On Cape Breton Island, where coal mining and steel making were once an essential part of the region’s culture and economy, protest song and verse are found in abundance. The Protest Song Project is an initiative of The Centre for Cape Breton Studies at Cape Breton University. The program’s goal is to preserve and promote the protest songs and verse that represent the region’s rich industrial heritage. The Centre has been collaborating with local musicians to record many of the songs that were published in the Maritime Labour Herald, a newspaper of the 1920s, that includes both local and international compositions. These songs played an important role in the labour struggles of the 1920s and are an unexplored aspect of Cape Breton’s labour heritage. This is a truly interactive, collaborative and community-minded project. This website is supported by audio tracks that can be purchased by clicking the “Buy” link above.
Cape Breton Island Songs of Steel, Coal and Protest
This is part two of a program to preserve, promote and make available the steel, mining and protest songs of the region. It tells stories about the struggles to survive strikes and hard times, the courage of workers wives, the fight by trade unionists and the oppression of international company owners.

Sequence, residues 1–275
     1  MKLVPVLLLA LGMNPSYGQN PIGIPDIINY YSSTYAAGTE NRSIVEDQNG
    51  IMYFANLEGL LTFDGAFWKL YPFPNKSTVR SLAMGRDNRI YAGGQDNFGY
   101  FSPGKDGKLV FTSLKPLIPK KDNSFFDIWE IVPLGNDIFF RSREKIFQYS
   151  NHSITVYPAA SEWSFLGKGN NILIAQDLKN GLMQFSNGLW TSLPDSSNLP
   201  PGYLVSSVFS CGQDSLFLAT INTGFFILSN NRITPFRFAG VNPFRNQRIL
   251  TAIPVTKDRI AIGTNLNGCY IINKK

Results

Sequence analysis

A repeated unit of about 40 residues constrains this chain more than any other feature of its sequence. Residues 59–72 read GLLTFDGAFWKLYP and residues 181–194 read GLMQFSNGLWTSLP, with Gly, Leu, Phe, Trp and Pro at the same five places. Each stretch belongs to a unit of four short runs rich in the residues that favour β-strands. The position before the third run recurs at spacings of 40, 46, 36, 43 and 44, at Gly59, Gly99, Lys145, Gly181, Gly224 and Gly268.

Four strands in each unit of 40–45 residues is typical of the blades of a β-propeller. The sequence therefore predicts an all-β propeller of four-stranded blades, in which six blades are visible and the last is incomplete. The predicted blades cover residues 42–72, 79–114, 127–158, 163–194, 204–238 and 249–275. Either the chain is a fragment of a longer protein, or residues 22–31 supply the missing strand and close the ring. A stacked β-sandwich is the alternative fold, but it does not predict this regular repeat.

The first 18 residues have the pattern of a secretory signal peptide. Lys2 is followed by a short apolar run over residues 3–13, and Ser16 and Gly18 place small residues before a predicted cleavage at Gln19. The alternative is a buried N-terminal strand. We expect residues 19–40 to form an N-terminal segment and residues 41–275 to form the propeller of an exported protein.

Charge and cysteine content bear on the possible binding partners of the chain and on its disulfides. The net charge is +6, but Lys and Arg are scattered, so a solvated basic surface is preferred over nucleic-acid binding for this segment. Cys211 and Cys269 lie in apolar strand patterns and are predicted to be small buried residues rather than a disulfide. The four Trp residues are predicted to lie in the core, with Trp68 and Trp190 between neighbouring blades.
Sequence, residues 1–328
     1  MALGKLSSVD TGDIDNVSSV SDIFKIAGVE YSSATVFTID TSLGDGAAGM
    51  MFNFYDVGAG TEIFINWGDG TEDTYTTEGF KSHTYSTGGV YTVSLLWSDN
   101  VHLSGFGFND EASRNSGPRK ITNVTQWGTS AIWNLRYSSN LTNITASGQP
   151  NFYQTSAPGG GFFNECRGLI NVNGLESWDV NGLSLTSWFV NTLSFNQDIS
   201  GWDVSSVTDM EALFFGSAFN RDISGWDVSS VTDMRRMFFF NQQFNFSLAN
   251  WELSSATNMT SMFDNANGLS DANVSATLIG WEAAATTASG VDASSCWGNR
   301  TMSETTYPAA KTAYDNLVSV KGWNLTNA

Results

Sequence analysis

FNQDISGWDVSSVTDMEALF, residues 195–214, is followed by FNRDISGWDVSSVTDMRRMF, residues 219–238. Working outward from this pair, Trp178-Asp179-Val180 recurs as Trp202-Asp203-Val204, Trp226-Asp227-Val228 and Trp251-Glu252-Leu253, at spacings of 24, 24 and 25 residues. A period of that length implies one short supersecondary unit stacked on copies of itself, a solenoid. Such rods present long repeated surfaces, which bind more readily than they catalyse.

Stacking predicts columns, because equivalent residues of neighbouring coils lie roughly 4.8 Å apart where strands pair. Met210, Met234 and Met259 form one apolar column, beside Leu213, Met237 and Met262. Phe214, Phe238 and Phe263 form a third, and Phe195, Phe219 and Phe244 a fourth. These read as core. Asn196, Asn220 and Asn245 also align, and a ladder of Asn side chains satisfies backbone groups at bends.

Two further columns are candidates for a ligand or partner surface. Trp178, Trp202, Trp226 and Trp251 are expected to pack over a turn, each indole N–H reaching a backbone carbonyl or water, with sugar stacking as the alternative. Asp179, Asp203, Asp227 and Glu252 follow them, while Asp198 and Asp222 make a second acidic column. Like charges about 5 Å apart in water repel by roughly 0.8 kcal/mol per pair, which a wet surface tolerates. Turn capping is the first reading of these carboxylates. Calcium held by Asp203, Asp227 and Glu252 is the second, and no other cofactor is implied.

In 2012, the Centre released the CD “Cape Breton Island Protest Songs, Volume 1” along with an accompanying web site (www.protestsongs.ca). It was also a collaboration between MacKinnon and Cape Breton musicians to record songs that were originally published in Cape Breton newspapers such as the Maritime Labour Herald, The Steelworker and the Steelworker and Miner from the 1920s through to the 1950s. MacKinnon found the words and the musicians created the arrangements and music.
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